Understanding Generation Y
Our research shows the biggest divide facing our society is not a gender divide, racial divide, income or technology divide but it is the generational divide. For those of us involved in engaging young people it must be remembered that the gap between us and them is constantly growing: school students are always aged 5-18 but we are getting older, so we must work harder to understand them and so remain relevant. Let’s begin by defining these generations: Description Seniors Builders Boomers Generation X Generation Y Generation Z Born Before 1925 1926–1945 1946–1964 1965–1981 1982–2000 2001+ Age 77+ 57 – 76 38 – 56 21 – 37 2 – 20 <2 Million 0.94 2.75 4.75 4.83 5.15 0.25 (%) 5% 15% 25% 26% 28% 1%
(Figures from the ABS Census)i Generation X has been synonymous with young people since the name was first coined by Douglas Coupland in 1991ii. However many Xers are now in their 30’s and when it comes to understanding school students we are talking about Generation Y. Why are young people so different to the other generations? Age: Obviously the age or life-stage of this generation makes them unique to other cohorts. Being young they have different priorities to older generations. They generally have no financial commitments, thus over 70% of their income is spent arbitrarily, with the majority going on entertainment, travel, and food. They have different recreational pursuits to other generations with their top 3 spare time activities being: “go to a party” (74%); “listen to the radio” (74%); and “go to a movie” (72%)iii. The point is that people operate in different ways because of their age. However age is not the sole reason for generational behaviours otherwise teenagers today would be indistinguishable from teenagers of a generation ago. Yet this is clearly not the case, and it is because life-stage is just one of three broad factors that differentiate the generations.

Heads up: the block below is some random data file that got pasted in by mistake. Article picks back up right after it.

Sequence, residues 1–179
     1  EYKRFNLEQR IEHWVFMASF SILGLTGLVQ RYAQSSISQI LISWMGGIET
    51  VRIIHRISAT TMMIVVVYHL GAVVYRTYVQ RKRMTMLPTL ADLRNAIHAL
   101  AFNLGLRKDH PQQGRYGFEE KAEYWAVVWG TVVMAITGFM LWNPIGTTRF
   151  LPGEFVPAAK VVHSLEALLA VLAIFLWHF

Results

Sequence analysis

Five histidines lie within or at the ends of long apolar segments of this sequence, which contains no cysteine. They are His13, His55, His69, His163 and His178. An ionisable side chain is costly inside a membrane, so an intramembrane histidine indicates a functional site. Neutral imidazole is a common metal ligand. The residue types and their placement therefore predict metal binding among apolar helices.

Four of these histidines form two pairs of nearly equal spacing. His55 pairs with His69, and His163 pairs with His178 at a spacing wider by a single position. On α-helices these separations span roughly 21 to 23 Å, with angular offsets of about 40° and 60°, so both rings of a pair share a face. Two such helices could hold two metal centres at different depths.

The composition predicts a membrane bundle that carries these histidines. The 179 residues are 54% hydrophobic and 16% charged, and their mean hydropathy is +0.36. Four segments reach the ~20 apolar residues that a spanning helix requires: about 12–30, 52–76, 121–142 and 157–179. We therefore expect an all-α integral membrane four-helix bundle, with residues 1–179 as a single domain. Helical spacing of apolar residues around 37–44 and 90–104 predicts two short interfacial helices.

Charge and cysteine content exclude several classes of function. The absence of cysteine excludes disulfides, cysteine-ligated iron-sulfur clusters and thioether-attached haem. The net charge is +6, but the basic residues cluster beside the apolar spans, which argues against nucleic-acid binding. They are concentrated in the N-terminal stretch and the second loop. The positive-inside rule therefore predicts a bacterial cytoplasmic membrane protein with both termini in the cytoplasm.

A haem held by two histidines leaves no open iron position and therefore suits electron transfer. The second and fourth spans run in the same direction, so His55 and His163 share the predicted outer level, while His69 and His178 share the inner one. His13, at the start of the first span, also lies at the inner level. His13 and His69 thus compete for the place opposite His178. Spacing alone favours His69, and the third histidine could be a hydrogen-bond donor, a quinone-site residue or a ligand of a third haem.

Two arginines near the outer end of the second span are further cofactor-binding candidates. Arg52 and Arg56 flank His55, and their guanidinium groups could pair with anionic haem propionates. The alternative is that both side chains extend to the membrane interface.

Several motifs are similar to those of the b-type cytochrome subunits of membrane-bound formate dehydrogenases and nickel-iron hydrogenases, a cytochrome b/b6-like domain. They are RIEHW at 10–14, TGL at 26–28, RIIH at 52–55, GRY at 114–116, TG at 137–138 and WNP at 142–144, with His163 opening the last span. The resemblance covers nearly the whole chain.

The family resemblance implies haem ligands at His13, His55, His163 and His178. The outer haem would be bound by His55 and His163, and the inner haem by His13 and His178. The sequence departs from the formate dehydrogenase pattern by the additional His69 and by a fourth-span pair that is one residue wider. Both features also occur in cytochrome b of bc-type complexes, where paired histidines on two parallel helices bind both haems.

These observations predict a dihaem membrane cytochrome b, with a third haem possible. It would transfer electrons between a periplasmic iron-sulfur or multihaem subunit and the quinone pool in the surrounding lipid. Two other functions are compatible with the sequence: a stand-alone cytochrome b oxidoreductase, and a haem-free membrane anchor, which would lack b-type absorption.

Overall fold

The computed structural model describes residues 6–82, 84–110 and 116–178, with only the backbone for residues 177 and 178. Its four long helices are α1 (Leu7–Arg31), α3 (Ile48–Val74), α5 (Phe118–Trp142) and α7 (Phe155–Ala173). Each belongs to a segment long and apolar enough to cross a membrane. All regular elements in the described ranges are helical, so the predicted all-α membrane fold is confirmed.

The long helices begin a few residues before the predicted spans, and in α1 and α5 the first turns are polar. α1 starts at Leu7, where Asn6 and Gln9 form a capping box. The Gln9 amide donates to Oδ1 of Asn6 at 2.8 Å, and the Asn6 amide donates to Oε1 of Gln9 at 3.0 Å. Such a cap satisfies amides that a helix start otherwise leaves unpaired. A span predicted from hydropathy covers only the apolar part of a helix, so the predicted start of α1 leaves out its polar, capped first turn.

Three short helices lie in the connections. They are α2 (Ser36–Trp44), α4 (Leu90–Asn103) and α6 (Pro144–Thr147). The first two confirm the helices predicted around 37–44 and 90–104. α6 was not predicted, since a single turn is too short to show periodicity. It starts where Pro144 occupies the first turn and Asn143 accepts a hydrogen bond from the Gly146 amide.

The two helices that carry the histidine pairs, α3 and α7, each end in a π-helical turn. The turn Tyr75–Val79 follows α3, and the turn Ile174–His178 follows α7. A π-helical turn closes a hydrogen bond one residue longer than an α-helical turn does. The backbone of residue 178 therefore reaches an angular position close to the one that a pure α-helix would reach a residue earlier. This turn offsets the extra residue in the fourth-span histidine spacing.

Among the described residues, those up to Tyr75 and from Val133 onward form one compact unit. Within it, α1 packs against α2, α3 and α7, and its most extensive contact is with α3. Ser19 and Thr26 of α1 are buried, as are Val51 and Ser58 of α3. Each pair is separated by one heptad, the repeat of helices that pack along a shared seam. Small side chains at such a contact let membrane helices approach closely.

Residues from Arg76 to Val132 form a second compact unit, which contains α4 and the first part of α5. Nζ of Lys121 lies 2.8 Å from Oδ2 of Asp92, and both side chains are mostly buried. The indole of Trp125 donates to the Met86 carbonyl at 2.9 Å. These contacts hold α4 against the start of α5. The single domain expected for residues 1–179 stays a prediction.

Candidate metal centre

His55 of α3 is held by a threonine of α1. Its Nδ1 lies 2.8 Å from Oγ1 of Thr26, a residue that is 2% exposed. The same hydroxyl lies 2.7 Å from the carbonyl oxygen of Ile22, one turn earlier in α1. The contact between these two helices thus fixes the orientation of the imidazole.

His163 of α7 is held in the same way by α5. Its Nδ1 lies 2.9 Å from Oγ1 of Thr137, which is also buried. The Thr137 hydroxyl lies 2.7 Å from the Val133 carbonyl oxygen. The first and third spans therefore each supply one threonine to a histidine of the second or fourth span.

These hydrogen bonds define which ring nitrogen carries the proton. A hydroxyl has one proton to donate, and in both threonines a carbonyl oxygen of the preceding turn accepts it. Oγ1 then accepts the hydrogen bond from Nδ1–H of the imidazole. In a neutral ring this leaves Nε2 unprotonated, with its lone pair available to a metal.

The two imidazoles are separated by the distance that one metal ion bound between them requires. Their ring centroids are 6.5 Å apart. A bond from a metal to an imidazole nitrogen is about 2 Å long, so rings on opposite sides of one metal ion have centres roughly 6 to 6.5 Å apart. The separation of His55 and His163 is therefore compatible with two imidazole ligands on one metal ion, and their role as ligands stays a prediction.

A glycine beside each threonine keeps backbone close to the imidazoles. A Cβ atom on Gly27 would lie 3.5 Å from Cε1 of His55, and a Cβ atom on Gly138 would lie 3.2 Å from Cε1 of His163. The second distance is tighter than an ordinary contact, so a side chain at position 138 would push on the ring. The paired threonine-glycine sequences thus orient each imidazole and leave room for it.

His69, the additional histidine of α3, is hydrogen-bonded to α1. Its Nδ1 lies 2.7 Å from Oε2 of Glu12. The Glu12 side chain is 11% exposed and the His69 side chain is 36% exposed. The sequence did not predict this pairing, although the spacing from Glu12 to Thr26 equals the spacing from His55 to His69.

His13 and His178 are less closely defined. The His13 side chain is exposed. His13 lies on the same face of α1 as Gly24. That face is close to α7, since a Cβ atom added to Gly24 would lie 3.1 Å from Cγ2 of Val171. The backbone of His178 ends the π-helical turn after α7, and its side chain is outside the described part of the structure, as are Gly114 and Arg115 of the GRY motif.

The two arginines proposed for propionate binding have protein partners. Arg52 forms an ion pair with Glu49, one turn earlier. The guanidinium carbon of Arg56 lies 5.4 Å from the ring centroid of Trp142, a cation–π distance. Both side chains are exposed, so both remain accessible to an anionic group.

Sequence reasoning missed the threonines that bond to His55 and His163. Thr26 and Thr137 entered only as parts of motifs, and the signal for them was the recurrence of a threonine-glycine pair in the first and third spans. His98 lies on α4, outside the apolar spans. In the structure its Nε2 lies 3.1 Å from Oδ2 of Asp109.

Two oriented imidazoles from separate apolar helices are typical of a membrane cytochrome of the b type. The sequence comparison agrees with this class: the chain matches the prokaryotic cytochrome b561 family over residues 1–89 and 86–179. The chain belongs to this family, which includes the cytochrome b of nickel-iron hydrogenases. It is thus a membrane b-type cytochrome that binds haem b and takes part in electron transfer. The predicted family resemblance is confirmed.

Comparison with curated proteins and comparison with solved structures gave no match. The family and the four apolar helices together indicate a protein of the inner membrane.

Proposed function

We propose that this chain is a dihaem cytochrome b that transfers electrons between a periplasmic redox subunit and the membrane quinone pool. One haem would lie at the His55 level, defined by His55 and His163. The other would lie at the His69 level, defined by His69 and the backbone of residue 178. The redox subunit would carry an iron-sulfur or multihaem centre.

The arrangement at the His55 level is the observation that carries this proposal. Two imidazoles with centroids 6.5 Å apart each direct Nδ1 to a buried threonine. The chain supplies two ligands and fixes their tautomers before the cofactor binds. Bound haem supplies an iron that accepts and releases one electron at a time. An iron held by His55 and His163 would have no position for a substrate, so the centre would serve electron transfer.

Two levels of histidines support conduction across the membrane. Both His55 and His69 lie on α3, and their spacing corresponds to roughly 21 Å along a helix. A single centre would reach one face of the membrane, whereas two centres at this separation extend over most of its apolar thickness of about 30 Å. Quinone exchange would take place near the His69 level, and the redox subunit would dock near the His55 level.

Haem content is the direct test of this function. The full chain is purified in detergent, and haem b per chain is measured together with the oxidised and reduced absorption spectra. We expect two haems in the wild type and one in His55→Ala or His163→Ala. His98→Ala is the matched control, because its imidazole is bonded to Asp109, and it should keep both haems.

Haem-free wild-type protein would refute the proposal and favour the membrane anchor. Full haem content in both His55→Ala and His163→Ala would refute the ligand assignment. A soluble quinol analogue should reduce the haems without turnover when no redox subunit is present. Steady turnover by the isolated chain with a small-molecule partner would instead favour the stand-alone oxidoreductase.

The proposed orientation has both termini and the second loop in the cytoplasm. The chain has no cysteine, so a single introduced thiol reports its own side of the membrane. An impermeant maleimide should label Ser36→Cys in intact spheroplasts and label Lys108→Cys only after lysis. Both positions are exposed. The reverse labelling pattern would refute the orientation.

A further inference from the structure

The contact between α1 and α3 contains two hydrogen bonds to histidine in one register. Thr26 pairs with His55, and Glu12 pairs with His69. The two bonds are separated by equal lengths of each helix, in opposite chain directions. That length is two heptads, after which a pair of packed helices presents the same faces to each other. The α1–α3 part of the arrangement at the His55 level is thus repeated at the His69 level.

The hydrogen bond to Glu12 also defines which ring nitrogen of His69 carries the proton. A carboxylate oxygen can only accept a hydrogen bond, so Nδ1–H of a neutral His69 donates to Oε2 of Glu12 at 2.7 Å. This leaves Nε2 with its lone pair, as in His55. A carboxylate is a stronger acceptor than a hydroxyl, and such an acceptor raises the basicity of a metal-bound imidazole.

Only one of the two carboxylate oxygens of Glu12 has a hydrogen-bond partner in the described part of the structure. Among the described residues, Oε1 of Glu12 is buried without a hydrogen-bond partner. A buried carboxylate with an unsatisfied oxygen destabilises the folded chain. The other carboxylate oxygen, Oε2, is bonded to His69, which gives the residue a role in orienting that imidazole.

The Australian Leadership Foundation Suite 12, 1-7 Belmore Street, North Parramatta NSW 2151 Australia P: (02) 9890 5363 F: (02) 9890 5373 M: 0411 5000 90 E: firstname.lastname@example.org ABN: 92 067 118 889 ACN: 067 118 889